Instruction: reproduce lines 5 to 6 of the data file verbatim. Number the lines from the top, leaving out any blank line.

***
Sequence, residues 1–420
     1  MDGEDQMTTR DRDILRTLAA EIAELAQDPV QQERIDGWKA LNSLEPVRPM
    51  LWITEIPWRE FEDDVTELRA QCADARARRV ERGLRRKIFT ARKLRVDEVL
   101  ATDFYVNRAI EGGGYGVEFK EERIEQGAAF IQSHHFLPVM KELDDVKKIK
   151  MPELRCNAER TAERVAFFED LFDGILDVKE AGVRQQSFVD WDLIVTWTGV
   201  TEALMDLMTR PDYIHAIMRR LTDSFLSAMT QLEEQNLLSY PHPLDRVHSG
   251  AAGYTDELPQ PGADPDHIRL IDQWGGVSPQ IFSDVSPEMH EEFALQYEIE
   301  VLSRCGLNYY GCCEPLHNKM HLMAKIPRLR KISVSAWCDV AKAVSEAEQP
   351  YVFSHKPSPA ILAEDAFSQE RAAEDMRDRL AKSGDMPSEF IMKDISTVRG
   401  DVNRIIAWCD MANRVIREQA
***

   151  MPELRCNAER TAERVAFFED LFDGILDVKE AGVRQQSFVD WDLIVTWTGV
   201  TEALMDLMTR PDYIHAIMRR LTDSFLSAMT QLEEQNLLSY PHPLDRVHSG